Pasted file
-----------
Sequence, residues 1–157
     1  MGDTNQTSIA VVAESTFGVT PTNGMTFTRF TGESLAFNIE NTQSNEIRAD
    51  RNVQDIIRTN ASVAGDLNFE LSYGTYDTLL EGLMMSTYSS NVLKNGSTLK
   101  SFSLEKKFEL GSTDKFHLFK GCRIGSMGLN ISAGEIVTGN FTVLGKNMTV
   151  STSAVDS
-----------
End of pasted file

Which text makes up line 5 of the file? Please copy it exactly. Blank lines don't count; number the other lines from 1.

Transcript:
   151  STSAVDS